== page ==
Term Asset-Backed Securities Loan Facility (TALF)

Discussion in 'Economy' started by gonegolfin, Nov 25, 2008.

  1. gonegolfin

    gonegolfin Member

    Jul 8, 2005
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    Austin, TX
    The Fed and Treasury can spin this however they like, but the truth is that the new Term Asset-Backed Securities Loan Facility (TALF) employs more quantitative easing (expanding the Fed's balance sheet) to facilitate the asset purchases in this new $800 billion program. The Fed will not be removing cash from the financial system (such as selling treasuries from its portfolio - a tact the Fed employed until early September of this year) to offset these cash injections (sterilization), but will increase bank reserves with these purchases in an interest rate environment that has federal funds trading effectively at zero (interest paid by the Fed on excess reserves is an artificial prop). This is the equivalent of the nuclear option in fighting deflation, especially when the assets purchased are not treasuries. It will result in a substantial increase in bank reserves and thus the monetary base. However, the money supply aggregates will not rise until the banks begin lending their excess reserves. I saw a comment on a financial web site aptly stating that you can throw a horse into a lake, but you cannot make the horse drink.

    Bloomberg.com: U.S.

    US officials have been quite uneasy about rising spreads between GSE Agency debt (Fannie/Freddie/FHLB) and Treasury securities of similar maturity. After all, the government backing of both agency debt and agency packaged mortgage securities has had an explicit backing ever since Fannie and Freddie moved into conservatorship status. But Asia, principally China, has not only curtailed its purchases of agency debt, it has dumped an impressive stake in these securities and replaced them with treasuries. This has had the unwanted effect of rising mortgage rates. The solution implemented in the new TALF is essentially more subsidization of housing (among other things) at the expense of the currency. Mortgage interest rates responded today by dropping an astounding 1.125%. Agency debt, swaps, and MBSs traded much tighter to treasuries today.

    The Fed is planning to purchase up to $100 billion of GSE debt along with a maximum of $500 billion of GSE issued mortgage backed securities. The remaining $200 billion is targeted at purchases of securities backed by auto, credit card, education, and small business loans. The Treasury is also providing $20 billion of "credit protection" to the Fed, funded by the TARP.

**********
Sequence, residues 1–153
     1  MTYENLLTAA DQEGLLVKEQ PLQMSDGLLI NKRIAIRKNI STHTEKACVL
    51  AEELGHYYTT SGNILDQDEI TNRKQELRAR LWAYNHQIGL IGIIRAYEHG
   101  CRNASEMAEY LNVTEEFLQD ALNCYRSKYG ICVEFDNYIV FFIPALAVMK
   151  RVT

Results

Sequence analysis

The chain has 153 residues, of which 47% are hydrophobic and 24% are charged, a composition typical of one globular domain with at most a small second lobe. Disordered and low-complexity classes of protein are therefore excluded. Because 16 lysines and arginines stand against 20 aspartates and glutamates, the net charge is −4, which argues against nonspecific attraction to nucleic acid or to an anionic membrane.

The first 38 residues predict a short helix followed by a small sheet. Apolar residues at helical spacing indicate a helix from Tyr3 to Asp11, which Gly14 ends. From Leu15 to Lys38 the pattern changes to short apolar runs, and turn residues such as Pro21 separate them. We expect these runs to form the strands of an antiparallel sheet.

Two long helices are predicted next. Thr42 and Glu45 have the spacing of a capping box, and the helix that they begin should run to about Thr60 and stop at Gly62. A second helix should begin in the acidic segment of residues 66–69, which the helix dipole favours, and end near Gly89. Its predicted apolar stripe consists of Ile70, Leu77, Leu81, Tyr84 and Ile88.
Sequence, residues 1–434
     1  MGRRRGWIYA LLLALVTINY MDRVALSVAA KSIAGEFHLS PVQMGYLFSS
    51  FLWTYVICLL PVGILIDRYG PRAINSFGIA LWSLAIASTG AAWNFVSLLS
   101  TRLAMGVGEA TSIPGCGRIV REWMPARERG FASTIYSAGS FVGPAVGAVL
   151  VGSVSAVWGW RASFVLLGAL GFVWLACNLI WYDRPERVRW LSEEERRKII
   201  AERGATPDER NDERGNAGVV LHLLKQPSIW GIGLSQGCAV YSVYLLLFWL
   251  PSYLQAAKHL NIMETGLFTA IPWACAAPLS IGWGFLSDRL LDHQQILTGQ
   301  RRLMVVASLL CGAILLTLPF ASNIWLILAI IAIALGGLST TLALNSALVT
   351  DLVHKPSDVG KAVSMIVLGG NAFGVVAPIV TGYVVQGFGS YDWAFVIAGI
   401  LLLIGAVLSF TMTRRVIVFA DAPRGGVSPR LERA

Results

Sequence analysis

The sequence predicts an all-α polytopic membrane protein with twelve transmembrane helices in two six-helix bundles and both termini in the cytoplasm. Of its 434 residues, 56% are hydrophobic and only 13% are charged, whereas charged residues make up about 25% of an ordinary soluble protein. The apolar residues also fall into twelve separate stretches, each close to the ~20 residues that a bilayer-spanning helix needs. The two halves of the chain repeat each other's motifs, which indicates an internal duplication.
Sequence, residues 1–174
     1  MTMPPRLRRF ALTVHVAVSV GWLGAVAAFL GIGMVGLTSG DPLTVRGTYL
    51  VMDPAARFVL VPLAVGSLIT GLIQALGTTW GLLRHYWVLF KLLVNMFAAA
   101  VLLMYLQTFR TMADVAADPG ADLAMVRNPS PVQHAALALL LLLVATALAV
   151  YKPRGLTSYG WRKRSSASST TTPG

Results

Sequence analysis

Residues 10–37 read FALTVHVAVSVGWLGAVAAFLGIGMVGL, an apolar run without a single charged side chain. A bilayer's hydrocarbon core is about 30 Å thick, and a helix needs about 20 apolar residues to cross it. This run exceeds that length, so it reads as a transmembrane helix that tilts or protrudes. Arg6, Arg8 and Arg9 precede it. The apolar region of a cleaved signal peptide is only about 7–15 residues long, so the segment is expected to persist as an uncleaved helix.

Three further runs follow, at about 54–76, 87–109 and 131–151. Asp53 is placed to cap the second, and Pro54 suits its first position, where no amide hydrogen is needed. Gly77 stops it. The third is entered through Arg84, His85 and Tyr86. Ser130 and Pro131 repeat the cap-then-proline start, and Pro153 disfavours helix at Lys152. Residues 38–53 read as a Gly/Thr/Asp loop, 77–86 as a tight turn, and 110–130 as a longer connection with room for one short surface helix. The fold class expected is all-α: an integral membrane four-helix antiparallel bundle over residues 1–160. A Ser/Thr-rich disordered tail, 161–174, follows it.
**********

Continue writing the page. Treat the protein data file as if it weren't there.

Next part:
This move by the Fed has many wondering why we had all the fuss with the $700 billion TARP plan. Why not just bypass all of the resistance and simply create the money. Well, there are several answers for this, two being obvious. One is that the Fed monetizing anything other than treasury debt entails even more risk and has serious ramifications (a last resort option). GSE debt and agency backed mortgage securities are not treasuries, but they do serve as collateral in Fed open market operations (as opposed to privately issued mortgage backed securities or equity stakes in financial companies). Second, if it is perceived globally that the US will simply tackle all of its problems by issuing new currency (instead of borrowing from existing money stock), foreign investor sentiment/response may become more radical.

    On a final note, these extra reserves being held by the banks are the perfect fuel for financing the sale of more treasury debt. This entails the banks using cheap excess reserves to fund the purchase of higher yielding treasuries and other securities. A large enough spread between short term loan interest rates offered by the Fed (and/or interest rates paid by the banks for deposits) and interest rates paid by longer term treasuries allows the banks to engage in a profitable carry trade (at the expense of dollar holders). From the point of view of the banks, this beats lending to the private sector as risk is greatly reduced. This is essentially handing the banks a pile of money ... one method of recapitalizing the banks.

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